December 9, 2018

 

Mohamed Rawat was caught at Belmarsh jail allegedly carrying more than 60 sheets of paper soaked in the highly addictive synthetic substance spice [File photo]

Mohamed Rawat, drug mule

 

A Muslim chaplain has been arrested after allegedly trying to smuggle £60,000 worth of illegal drugs into one of Britain’s most notorious prisons.

Mohamed Rawat was caught at Belmarsh jail allegedly carrying more than 60 sheets of paper soaked in the highly addictive synthetic substance spice.

The 49-year-old imam was dramatically detained at the prison gates after a secret probe by the anti-corruption unit at the Category A jail in South East London.

Inmates there have included extremist preacher Anjem Choudary, and Michael Adebolajo and Michael Adebowale, the jihadi killers of soldier Lee Rigby.

Volunteer chaplain Rawat has been banned from going back to the prison while he is under investigation.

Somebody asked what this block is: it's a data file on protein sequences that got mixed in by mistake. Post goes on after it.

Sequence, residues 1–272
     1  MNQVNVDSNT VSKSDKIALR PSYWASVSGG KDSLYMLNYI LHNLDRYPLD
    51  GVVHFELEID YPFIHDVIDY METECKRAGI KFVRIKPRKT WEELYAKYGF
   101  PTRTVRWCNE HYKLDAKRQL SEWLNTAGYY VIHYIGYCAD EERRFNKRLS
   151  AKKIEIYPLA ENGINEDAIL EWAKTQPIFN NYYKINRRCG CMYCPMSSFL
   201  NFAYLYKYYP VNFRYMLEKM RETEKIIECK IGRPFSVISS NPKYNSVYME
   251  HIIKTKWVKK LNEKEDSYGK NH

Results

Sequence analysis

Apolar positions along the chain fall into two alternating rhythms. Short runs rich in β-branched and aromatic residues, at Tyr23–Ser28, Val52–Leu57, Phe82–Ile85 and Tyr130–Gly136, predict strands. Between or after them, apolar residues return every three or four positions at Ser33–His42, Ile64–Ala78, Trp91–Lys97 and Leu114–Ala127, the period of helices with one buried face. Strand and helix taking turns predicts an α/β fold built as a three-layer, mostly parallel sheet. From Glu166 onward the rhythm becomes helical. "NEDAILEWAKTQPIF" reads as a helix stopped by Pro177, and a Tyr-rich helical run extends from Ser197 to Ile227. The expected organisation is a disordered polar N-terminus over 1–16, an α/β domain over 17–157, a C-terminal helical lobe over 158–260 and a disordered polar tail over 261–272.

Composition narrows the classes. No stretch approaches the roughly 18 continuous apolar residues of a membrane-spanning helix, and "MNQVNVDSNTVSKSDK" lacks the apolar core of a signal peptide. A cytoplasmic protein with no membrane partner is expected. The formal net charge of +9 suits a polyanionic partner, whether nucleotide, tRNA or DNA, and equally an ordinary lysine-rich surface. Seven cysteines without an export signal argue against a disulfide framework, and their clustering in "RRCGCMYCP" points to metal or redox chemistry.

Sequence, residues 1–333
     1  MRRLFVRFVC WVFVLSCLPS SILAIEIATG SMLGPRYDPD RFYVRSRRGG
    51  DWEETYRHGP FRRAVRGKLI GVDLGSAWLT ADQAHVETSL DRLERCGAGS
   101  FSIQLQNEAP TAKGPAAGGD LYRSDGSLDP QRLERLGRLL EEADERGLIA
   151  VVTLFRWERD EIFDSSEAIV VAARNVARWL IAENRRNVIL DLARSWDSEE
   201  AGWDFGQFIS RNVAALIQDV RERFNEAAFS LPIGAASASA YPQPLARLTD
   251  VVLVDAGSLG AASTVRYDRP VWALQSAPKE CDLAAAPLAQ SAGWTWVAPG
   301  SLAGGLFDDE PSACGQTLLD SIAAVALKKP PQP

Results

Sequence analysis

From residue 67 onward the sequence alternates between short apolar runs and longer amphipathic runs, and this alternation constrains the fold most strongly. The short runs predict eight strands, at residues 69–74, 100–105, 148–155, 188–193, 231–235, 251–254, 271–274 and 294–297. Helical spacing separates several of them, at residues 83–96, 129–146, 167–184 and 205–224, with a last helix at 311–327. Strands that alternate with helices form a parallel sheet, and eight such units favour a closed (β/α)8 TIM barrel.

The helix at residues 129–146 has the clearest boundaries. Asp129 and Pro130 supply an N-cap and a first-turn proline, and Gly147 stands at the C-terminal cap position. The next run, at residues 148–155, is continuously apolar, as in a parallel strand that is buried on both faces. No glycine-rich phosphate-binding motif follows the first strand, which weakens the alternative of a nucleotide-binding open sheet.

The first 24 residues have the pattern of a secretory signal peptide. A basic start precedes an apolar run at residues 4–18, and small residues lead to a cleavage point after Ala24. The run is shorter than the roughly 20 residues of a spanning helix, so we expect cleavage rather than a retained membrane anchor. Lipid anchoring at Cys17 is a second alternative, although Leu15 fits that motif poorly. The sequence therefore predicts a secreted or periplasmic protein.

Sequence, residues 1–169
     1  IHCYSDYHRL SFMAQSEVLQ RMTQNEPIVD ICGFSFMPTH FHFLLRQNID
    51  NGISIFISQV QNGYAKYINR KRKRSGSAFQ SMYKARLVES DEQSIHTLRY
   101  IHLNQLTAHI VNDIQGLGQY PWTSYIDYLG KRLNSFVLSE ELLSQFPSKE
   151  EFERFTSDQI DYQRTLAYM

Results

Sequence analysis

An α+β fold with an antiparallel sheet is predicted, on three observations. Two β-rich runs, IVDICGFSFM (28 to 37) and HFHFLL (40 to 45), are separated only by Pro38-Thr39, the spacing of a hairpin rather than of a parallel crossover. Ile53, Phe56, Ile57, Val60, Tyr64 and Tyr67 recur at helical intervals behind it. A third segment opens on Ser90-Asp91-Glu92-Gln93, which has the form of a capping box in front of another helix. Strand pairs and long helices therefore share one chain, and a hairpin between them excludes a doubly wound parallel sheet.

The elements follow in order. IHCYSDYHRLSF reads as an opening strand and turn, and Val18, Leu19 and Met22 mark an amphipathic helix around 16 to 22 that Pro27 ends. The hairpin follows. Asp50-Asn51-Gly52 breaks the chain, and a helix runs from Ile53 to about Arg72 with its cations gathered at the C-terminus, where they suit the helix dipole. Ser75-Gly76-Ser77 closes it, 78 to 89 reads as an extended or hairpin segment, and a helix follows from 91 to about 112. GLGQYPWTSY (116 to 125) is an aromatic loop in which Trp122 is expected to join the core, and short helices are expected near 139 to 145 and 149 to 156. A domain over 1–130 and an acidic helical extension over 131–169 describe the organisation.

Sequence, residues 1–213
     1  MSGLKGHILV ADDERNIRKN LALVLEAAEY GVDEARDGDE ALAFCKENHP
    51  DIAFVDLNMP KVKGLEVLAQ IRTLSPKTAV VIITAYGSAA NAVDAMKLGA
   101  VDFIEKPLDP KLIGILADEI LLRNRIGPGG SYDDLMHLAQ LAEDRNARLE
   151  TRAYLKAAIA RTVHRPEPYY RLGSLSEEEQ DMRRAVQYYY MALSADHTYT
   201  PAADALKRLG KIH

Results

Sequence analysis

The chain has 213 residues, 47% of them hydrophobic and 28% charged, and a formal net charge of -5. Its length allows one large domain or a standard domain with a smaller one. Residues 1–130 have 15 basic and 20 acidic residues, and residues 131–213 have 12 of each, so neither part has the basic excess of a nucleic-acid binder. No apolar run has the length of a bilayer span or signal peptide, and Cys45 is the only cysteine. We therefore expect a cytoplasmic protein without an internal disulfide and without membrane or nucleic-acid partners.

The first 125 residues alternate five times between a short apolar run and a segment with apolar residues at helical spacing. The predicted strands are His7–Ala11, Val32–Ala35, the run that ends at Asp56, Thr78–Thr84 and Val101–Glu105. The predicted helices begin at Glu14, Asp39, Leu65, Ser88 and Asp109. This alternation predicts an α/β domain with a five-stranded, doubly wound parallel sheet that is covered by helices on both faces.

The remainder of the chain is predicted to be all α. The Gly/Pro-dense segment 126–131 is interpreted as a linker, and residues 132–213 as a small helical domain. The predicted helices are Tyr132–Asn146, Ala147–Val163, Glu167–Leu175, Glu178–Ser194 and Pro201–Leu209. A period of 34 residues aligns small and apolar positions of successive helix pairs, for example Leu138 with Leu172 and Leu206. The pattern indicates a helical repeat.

The audacious plot to allegedly use a trusted cleric as a mule shows the determination of criminal gangs to sell drugs to inmates.

Dealers have recruited dozens of prison officers to smuggle in drugs while others have used drones to fly contraband over the walls.

Spice is particularly sought-after behind bars because it cannot be detected in drugs tests and can be sprayed on to sheets of paper.

All prisons now seize letters and books sent to inmates and give them photocopies, in case the originals are saturated in spice.

The drug causes similar reactions to cannabis but is far stronger and causes some users to become violent and delusional.

Earlier this year Prisons Minister Rory Stewart warned: ‘There are many drivers of prison violence – the greatest is probably the surge in the use of spice and other mind-altering drugs.’

Its widespread use in prisons puts a huge strain on the NHS as ambulances have to be sent to inmates who have overdosed, and it has been linked to suicides and violent deaths in cells. Last year guards at Belmarsh fell ill after accidentally inhaling the drug.

The jail now has sniffer dogs, a body-scanner machine in the reception area and an ‘itemiser’ that can test for drugs in the post room.